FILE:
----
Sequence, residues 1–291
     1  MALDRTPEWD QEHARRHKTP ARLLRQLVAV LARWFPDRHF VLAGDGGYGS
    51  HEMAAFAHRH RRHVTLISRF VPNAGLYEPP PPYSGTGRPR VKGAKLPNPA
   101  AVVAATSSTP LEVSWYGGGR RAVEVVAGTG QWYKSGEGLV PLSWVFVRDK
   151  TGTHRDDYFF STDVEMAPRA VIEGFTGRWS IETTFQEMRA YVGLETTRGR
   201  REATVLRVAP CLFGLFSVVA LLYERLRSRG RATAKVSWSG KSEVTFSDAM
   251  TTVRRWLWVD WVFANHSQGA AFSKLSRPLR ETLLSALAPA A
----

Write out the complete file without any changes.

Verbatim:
Sequence, residues 1–291
     1  MALDRTPEWD QEHARRHKTP ARLLRQLVAV LARWFPDRHF VLAGDGGYGS
    51  HEMAAFAHRH RRHVTLISRF VPNAGLYEPP PPYSGTGRPR VKGAKLPNPA
   101  AVVAATSSTP LEVSWYGGGR RAVEVVAGTG QWYKSGEGLV PLSWVFVRDK
   151  TGTHRDDYFF STDVEMAPRA VIEGFTGRWS IETTFQEMRA YVGLETTRGR
   201  REATVLRVAP CLFGLFSVVA LLYERLRSRG RATAKVSWSG KSEVTFSDAM
   251  TTVRRWLWVD WVFANHSQGA AFSKLSRPLR ETLLSALAPA A